One of the reasons we had chosen Devon was because we wanted to do some walking on Dartmoor and our plan was to walk on the Friday. In the event we moved this to the Saturday because the weather forecast for Friday was predicting rain and neither of us fancied being caught out on Dartmoor if the weather deteriorated. Instead we headed into Exeter. Having negotiated our way into a car park in the centre of town we found a cafe for coffee so we could agree the plan for the day. We wanted to see the cathedral and we had heard about the underground passages and wanted to check these out. After coffee we went and booked our tickets for the passages before going for a walk around the city.
As we passed a route into the shopping centre this fun display of umbrellas caught our eye. There were also several streets with similar displays.
We wanted to follow some of the old city walls and when we found them we can across this memorial. On May 4th 1942 Exeter was bombed by the German air force. It became known as the Exeter blitz and you can Go here to see the photos of the area and Here to read why it was targeted.
We also found an Exeter blue plaque to Violet and Irene Vanburgh. The sister were British actresses and you can read about them Here
As we walked we came across information boards that told us about the city walls.and gave an indication of what the city had looked like.
It was fun just walking and enjoying the sunshine whilst getting an overview of the city. We had to cut this short as we had tickets for the passages at a set time.
The medieval passages were designed to bring clean drinking water from natural springs outside the walled city, through lead pipes into the heart of the city. The pipes sometimes leaked and had to be repaired which meant digging them up. This was costly when they burst on someone else's land. To avoid this, vaulted passages were built and the lead pipes were laid on the floor. When repairs were needed it was easy to access the pipes. Some of the vaulted passageways are now open to the public.
The passages were narrow and had quite low ceilings, especially low in places.
There was lighting in the passages thank goodness and they didn't feel too confining. Every so often we stopped to hear the guide explain the history and point out interesting things.
You didn't get to walk down this particular side passages but it was well lit and ferns were flourishing on the walls.
I didn't think I would like the experience as I hate confined spaces and this was dark, small and underground. However it was a very interesting visit. The hard hat really helped as I hit my head on the roof several times.
After that we decided it was lunch time and so we headed for the Cathedral cafe. We had been told they did very tasty food at very reasonable prices. We both enjoyed a filling salad which set us up for the afternoon. Feed and watered we set out to tour the Cathedral. The Cathedral has two towers, one on each side but the one on the left of the picture is more prominent.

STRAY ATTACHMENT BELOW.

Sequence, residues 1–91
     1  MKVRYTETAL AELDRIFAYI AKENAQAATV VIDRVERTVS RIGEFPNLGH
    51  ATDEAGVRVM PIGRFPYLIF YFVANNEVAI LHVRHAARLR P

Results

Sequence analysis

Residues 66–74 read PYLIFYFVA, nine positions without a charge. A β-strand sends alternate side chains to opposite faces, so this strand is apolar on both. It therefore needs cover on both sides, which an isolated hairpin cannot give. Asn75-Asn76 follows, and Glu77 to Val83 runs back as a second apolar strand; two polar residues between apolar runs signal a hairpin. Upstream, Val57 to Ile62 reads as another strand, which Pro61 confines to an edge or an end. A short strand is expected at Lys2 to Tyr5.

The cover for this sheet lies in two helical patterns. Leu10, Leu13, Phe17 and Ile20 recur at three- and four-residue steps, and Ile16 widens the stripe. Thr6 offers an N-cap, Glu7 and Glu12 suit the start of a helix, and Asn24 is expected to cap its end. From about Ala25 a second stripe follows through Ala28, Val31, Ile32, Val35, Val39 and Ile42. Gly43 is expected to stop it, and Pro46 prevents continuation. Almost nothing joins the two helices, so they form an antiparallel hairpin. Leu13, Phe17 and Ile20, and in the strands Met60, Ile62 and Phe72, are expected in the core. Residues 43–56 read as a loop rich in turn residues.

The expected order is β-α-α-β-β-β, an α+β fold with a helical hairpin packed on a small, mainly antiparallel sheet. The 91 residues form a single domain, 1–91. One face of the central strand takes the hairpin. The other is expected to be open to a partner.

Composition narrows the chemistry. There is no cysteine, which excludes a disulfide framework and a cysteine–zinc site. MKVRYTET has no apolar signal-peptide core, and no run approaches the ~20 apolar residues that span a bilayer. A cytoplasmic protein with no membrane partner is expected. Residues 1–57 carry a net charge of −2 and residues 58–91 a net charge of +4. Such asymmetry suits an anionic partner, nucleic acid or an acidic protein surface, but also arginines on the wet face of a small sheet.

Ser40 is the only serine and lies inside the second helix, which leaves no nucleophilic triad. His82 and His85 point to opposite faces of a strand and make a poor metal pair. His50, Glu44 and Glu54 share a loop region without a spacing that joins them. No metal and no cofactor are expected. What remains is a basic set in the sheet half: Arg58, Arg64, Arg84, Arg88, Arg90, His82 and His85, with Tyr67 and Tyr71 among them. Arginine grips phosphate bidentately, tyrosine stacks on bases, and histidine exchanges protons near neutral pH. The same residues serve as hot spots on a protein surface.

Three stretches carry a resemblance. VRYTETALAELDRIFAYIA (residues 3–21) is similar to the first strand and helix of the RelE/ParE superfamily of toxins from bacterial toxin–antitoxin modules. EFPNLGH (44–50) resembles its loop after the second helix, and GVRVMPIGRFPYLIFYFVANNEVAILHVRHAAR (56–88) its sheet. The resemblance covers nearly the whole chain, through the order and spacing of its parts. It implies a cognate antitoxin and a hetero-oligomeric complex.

The Cathedral' which is Anglican' was founded in 1050 and construction started on the present site in 1114. I took this photo of the figures on the front. These were to the left and above the central door in the first photo.
As the Easter session hadn't finished they still had their Easter garden .
With my back to the Easter garden I looked down the length of the Cathedral
The vaulted ceiling was amazing. I loved the bosses at each of the joins.
The flower fairies had also created some beautiful flower arrangements for the Easter period..
There was quite a lot of ecclesiastical fabric work around the Cathedral. This tapestry seat cover for example.
or this altar frontal,
or there was this Tapestry
As with all churches there were several banners. This one Mother and Child
and this the banner for the Mothers Union.
The clock was very interesting.
The clock dates from 1484 and the large dial is a working model of the solar system as was then understood. The fixed golden ball at the centre represents the earth.The black disc decorated with the fleur-de-lys represents the sun and goes round the dial once every 24 hours pointing outward to the time.
As always I enjoyed looking at the floor tiles as these are a great design source.
The canopy for the Bishop's Throne was massive. I had to stand quite a way back to fit this in the picture.
I loved this statue of a mother and child.
The driftwood cross was also very special.
Finally I took this picture . I found this particularly poignant as many Polish families living in Britain feel they are no longer wanted due to Brexit
We really enjoyed our visit to the Cathedral. By this point we were tired so decided we needed afternoon tea while we gathered our energy for an evening visit elsewhere.
I hope you enjoyed this post. If you want to find out more about Exeter Cathedral please go Here
Now I need to run a couple of errands i.e. I need some muslin for the foundation piecing and some iron on interfacing for the shirt I'm making.
What a wonderful visit and the cathedral is glorious. We never got to Exeter on our UK visits so it was lovely to visit through your eyes.ReplyDelete